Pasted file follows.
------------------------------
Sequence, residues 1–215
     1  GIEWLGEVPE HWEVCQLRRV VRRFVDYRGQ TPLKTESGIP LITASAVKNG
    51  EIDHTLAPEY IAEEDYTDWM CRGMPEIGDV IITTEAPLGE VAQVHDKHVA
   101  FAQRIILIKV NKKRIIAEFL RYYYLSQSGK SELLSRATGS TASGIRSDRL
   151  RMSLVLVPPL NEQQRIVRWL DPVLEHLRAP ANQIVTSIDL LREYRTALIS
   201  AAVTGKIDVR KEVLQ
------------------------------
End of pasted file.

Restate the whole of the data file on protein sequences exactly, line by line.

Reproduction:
Sequence, residues 1–215
     1  GIEWLGEVPE HWEVCQLRRV VRRFVDYRGQ TPLKTESGIP LITASAVKNG
    51  EIDHTLAPEY IAEEDYTDWM CRGMPEIGDV IITTEAPLGE VAQVHDKHVA
   101  FAQRIILIKV NKKRIIAEFL RYYYLSQSGK SELLSRATGS TASGIRSDRL
   151  RMSLVLVPPL NEQQRIVRWL DPVLEHLRAP ANQIVTSIDL LREYRTALIS
   201  AAVTGKIDVR KEVLQ